Instead of focusing on finding the ideal job, the aim should be to jump in with an opportunity in your industry. Once you've gotten some experience under your belt, you'll be able to define what the "perfect" job might look like -- and then set a course in motion to find it.
Question: I am about to graduate with a masters degree, which is a huge accomplishment that I'm proud of, considering I'm deaf. Now that I'm applying for jobs, it's a challenge for me to tell the employers I don't talk on the telephone. If I reveal my disability, I feel they are turned off and think that it impacts my ability to do my job. If I don't reveal my disability, then they attempt to contact me via telephone, when I would rather they e-mail me instead. How do I approach this situation?
Tory Johnson: At some point fairly early on in the interview process, you'll have to meet with people face to face. No employer will offer you a position based on e-mail exchanges. Your goal must be to address their hidden concerns head-on. I use the word "hidden," because many people are naturally uncomfortable when they aren't sure what to say or how to react when faced with a new challenge. Interviewing a deaf person might be just such a challenge.
Once you've gotten a sense that an employer is interested in you based on initial feedback from your resume, instead of just announcing that you're deaf -- or hiding from it -- be clear about your situation. For example, you might respond via e-mail by writing "I appreciate your interest in me, and I'm eager to interview with you for this position. Since I am deaf, I'd like to bring an interpreter to the interview. I am confident that I have the skills and abilities to succeed in this position, and I'd welcome the chance to address how we can handle any communications challenges as well."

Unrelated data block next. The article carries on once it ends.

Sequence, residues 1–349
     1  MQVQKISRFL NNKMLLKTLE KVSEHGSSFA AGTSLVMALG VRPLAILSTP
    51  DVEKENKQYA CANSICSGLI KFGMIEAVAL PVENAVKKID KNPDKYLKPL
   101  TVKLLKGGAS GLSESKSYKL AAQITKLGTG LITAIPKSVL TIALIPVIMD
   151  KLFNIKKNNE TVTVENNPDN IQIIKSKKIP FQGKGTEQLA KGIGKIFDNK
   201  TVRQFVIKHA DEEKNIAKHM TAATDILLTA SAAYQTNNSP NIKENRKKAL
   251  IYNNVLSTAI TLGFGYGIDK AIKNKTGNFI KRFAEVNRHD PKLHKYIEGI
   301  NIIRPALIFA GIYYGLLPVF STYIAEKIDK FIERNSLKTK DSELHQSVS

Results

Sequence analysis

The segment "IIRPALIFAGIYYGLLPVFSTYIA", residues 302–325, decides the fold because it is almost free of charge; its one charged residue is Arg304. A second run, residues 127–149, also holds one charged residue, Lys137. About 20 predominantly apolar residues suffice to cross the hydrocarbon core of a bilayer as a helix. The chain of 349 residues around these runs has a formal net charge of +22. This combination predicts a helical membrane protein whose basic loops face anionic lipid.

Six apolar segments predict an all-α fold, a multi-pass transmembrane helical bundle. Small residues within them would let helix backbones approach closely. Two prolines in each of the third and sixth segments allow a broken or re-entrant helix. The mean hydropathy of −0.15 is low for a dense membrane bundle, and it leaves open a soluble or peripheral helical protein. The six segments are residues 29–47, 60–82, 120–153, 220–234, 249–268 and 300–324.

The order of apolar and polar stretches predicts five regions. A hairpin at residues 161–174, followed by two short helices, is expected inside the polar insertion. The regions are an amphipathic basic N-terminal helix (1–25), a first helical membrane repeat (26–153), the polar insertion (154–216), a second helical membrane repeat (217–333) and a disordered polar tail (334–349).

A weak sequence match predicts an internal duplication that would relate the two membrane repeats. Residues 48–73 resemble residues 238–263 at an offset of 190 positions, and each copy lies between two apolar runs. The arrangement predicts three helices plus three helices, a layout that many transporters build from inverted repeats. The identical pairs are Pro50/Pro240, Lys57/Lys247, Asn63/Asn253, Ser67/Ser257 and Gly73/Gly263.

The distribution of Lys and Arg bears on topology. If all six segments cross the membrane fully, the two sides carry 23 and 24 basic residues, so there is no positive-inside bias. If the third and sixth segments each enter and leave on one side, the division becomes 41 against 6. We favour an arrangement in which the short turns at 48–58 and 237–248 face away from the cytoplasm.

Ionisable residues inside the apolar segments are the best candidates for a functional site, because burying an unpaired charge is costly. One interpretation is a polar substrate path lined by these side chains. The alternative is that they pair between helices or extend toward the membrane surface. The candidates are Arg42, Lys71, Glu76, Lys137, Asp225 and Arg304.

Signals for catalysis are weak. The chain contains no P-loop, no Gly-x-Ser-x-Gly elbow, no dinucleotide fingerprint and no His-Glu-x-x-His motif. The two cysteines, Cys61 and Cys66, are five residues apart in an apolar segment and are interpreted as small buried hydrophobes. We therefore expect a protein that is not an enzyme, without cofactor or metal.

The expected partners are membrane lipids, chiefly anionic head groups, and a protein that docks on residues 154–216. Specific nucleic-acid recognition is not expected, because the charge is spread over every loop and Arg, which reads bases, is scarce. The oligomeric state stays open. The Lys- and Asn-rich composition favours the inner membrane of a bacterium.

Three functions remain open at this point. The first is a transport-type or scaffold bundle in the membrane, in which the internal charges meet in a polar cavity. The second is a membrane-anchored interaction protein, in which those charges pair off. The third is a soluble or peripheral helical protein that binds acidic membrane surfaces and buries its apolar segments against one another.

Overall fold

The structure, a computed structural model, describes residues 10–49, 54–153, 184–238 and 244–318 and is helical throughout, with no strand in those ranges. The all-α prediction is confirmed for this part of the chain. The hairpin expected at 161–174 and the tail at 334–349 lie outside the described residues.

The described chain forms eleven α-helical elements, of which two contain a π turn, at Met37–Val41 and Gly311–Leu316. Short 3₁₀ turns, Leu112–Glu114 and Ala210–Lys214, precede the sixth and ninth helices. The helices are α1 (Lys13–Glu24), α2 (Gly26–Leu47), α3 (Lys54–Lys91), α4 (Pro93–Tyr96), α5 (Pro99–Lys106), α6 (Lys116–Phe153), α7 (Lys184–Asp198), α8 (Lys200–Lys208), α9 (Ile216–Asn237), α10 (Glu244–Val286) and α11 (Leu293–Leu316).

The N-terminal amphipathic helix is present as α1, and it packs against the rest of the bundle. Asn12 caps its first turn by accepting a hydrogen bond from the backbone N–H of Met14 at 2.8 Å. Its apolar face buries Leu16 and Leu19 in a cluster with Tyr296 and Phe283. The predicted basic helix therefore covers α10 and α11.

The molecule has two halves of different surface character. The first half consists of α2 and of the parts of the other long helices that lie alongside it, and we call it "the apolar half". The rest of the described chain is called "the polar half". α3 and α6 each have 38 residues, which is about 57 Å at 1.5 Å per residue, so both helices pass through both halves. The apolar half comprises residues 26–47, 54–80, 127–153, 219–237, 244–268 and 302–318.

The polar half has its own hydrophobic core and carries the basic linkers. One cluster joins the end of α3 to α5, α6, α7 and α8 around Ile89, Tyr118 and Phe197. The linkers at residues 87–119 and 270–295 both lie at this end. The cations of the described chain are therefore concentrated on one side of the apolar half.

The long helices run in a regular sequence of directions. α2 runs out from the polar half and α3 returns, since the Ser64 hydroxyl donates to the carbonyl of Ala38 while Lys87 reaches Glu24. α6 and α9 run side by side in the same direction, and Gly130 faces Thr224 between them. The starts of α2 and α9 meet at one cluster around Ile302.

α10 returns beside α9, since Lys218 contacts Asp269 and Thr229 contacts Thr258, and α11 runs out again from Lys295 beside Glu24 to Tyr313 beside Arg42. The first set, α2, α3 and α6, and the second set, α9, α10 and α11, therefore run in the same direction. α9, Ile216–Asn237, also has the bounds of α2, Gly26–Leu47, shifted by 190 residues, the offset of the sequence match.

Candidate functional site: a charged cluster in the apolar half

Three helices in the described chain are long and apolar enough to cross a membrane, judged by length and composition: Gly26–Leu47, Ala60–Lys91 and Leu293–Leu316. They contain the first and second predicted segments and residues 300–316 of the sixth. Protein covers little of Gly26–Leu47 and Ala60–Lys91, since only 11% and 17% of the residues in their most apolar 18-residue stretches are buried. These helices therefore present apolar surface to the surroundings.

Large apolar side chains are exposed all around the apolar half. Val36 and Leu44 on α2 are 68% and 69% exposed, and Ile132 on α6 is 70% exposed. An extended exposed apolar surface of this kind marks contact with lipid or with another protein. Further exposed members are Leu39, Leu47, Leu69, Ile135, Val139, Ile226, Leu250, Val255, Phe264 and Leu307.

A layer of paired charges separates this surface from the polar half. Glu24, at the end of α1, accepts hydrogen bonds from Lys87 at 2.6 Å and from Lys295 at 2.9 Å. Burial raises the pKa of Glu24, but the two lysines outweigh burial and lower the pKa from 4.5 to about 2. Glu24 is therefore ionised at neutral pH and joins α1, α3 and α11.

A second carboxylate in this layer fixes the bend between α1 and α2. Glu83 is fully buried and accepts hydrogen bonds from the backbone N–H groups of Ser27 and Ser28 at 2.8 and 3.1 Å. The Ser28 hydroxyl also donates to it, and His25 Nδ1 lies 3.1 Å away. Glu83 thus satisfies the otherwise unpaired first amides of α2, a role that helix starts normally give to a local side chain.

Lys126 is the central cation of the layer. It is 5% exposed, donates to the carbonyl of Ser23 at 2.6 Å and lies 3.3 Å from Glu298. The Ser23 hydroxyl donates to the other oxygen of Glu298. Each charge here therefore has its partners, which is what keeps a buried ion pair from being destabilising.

Many cities and states offer taxpayer-funded interpreting services for job seekers going on interviews and to career fairs. You should look into such programs in your area to see if they'd benefit you. Question: My daughter graduated from the University of Dayton in December 2005. She graduated with a bachelor's degree in communications/public relations and a minor in marketing. She would dearly love to get into sports media relations (she says her ultimate goal is to be the commissioner of the NHL someday). She has had numerous interviews and sent many, many resumes. Still nothing. For now she has moved back home and works in a local convenience store so she can start paying for student loans coming up. The problem is, everyone she has interviewed with or sent resumes to says she doesn't have the experience. How is a college grad supposed to get experience? Help please.
Tory Johnson: Every company employs entry-level people, so don't give up. Your daughter should ask her college's career service office for a list of employers that are hiring new grads from the school.
She should also ask for feedback from the people she's interviewed with. She can thank them for their time and ask for candid feedback. "I appreciate your interest in me, even though I wasn't selected for the position. I'd welcome your candid feedback on why I didn't get the offer so that I can learn and grow as I launch my career."
That feedback might shed light on something she's doing wrong or provide insight on issues for her to consider. She can also ask if they'd be willing to hire her on a part-time or freelance basis, which would enable her to gain valuable experience and allow the employers to see her in action before making a formal, long-term commitment.
To connect directly with Tory Johnson, visit womenforhire.com.